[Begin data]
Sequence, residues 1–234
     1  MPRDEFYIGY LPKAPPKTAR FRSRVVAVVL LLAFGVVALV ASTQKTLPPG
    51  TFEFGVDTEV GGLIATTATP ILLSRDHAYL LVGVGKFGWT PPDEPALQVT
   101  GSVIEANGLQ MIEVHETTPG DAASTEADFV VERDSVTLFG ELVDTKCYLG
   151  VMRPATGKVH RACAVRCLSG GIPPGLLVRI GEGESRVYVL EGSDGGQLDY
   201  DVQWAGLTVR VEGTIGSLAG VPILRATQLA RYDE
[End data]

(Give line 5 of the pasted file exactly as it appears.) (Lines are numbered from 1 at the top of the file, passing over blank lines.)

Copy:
   151  VMRPATGKVH RACAVRCLSG GIPPGLLVRI GEGESRVYVL EGSDGGQLDY